First, I attended a number of talks about plant traits and performance of species. Very little of the intellectual energy in these talks focused on the relationships among traits or how traits would affect the abundance of species. Instead, most of the energy focused on phylogenetic relationships of species. In some cases, the simplest of traits was overlaid on somewhat complex phylogenies. No one seemed to say species A is more abundant than B because of trait X. Instead, there was more focus on phylogenetic distance of how individual traits changed with evolutionary time. These types of questions are incredibly interesting, but there was almost no balance. The field still seems to be avoiding central questions about traits and abundance.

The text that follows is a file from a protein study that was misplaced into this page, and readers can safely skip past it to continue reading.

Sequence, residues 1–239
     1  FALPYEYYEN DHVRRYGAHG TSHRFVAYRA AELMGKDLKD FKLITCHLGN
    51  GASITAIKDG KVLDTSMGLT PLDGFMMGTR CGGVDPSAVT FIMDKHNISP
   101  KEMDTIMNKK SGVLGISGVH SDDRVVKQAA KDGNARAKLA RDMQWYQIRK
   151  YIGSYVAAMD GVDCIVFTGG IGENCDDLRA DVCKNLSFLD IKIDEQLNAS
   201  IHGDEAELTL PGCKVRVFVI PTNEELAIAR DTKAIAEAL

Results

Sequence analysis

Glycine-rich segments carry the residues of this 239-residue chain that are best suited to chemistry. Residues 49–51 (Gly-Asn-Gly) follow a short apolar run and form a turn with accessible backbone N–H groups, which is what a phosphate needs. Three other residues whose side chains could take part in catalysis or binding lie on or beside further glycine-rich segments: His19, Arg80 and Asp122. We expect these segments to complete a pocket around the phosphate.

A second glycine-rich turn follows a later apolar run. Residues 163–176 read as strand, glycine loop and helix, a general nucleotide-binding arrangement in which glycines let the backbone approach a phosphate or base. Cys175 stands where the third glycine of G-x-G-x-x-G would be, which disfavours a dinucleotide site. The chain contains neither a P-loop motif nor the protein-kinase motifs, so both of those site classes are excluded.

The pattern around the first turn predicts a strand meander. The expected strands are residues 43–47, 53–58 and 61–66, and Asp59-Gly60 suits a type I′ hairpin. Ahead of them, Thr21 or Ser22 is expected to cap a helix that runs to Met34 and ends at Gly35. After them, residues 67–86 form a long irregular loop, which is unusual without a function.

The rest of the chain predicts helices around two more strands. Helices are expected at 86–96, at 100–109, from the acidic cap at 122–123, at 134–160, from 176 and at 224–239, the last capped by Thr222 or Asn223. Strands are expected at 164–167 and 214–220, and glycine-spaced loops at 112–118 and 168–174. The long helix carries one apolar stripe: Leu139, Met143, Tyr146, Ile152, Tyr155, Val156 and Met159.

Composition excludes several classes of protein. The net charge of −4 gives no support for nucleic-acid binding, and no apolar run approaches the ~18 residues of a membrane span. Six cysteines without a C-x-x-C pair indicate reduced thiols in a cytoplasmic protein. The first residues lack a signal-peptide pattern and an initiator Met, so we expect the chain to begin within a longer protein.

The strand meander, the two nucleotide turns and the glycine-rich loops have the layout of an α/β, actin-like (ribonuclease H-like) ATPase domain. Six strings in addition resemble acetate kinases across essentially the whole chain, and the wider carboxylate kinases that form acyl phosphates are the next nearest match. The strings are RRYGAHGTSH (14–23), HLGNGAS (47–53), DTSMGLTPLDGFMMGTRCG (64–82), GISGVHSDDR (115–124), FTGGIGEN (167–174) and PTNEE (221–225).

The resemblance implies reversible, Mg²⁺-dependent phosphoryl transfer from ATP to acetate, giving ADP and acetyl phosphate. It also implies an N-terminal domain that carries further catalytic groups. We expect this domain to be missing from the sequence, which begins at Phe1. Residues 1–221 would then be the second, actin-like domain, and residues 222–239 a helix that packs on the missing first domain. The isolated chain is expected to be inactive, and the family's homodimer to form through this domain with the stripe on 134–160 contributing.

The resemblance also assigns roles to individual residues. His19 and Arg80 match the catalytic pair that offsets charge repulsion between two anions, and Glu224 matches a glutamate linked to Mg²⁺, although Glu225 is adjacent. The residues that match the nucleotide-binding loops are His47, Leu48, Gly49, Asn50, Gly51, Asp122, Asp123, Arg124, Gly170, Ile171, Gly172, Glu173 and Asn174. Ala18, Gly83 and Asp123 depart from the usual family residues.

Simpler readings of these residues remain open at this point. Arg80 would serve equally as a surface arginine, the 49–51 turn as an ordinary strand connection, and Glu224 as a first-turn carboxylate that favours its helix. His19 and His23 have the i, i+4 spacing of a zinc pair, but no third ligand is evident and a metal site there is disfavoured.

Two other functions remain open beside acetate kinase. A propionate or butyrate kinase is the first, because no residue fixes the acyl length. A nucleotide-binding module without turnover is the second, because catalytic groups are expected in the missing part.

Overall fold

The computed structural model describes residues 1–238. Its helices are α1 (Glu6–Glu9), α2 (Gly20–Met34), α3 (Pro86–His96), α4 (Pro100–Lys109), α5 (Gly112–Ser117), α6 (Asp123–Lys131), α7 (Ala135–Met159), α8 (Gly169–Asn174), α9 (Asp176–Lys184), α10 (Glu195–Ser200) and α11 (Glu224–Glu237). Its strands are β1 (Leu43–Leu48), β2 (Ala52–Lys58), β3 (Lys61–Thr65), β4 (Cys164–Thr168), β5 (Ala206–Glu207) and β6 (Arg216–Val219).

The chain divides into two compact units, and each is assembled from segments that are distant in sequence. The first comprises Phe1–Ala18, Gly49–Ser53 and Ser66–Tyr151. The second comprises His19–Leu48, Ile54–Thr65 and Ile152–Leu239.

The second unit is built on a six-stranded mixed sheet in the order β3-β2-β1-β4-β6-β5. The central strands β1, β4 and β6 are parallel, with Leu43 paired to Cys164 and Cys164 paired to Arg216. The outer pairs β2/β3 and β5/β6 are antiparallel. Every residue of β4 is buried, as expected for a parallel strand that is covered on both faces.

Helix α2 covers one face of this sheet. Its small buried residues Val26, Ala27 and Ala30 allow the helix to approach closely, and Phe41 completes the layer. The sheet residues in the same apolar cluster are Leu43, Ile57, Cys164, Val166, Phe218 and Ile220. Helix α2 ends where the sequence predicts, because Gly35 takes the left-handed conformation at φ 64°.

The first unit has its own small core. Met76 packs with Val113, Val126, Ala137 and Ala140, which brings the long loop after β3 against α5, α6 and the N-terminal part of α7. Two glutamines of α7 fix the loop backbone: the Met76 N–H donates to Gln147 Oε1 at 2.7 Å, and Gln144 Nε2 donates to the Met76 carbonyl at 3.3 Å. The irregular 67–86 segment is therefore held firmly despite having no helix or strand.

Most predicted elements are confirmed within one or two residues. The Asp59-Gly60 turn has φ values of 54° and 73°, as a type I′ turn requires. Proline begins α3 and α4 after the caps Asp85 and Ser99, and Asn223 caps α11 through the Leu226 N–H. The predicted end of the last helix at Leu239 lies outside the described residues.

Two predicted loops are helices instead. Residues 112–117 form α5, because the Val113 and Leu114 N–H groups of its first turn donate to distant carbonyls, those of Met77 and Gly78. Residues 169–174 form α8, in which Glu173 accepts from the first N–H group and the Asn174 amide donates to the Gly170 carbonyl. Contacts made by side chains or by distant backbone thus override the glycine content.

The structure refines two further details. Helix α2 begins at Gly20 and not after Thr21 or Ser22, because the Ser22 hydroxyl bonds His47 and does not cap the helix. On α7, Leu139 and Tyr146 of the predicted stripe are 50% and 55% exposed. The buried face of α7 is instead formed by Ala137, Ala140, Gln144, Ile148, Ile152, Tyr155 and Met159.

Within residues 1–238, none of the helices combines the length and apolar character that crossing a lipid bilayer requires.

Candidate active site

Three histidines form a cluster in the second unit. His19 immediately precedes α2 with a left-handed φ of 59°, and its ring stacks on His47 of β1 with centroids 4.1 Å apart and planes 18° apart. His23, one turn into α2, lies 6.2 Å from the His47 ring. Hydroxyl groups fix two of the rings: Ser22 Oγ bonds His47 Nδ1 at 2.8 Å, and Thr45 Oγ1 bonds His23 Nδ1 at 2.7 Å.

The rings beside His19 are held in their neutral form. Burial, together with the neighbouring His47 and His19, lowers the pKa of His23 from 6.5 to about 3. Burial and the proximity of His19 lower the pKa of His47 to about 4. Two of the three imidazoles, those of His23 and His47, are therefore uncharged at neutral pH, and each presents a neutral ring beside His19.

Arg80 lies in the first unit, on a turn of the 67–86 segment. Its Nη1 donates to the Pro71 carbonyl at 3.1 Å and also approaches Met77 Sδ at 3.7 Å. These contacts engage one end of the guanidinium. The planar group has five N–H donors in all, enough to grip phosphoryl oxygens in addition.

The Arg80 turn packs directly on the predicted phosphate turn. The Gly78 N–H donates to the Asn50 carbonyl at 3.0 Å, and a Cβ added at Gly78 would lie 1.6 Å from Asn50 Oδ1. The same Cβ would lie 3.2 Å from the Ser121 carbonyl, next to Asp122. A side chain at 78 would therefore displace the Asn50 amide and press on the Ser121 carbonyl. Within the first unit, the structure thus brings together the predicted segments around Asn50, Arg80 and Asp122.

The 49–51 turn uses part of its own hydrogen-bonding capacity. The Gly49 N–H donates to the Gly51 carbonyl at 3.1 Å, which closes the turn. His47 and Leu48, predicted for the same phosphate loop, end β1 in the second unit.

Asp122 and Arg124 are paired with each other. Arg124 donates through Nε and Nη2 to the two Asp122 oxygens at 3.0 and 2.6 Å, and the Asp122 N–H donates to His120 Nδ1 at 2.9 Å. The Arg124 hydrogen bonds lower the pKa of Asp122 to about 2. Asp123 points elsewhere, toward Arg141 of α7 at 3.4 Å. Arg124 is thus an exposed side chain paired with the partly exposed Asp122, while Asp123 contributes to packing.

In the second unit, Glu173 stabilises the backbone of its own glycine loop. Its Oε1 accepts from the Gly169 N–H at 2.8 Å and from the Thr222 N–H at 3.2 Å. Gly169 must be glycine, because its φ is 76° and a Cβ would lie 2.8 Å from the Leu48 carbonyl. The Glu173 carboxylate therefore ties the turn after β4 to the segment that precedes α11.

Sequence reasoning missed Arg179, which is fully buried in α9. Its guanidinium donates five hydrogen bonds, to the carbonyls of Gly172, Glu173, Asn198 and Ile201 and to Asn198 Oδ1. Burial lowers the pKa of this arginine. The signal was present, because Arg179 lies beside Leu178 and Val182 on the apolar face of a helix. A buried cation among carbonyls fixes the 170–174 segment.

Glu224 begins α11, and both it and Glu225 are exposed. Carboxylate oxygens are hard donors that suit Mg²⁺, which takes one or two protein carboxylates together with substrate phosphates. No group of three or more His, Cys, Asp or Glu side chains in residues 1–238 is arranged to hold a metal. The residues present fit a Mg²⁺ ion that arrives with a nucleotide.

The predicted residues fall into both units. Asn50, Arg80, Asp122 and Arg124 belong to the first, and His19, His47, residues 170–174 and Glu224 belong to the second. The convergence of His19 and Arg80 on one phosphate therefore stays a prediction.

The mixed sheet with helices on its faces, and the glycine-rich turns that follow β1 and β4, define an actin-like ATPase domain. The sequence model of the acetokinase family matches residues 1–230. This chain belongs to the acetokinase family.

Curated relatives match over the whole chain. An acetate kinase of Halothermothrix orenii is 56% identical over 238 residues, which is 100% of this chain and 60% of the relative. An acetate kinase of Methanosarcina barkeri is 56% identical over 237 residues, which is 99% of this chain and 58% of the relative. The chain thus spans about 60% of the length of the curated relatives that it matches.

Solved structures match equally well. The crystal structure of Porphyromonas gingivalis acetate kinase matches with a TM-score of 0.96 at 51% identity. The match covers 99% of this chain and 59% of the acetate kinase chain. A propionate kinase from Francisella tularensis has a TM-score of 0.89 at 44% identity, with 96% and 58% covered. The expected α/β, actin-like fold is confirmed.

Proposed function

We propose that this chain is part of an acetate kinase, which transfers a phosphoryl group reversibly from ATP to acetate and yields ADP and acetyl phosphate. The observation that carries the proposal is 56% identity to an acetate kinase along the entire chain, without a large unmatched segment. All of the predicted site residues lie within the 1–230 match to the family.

Second, NSF had put together two days of talks on Coupled Biogeochemical Cycles. The talks were a murderers row of speakers. Members of the National Academy were pushed back to the second day. The talks focused on understanding how coupling different biogeochemical cycles together better helps us understand the functioning of ecosystems in different contexts. For example, coupling the carbon and nitrogen cycles better helps us understand the responses of ecosystems to elevated CO2 than just examining the C cycle. Investigating Ca availability helps us better understand NO3- loss from ecosystems. Not much in any one talk was that novel, but together, the talks provided a great overview for the science. I would have liked to see some questions discussed a bit more. For example, how do researchers choose which elemental cycle to consider when trying to understand a given process? When modeling the global C cycle, should we next incorporate the N cycle? Or P? These are pretty tough questions without roadmaps. Still, the symposia were pretty amazing. It'd be great if NSF could continue to host these multi-day events within ESA.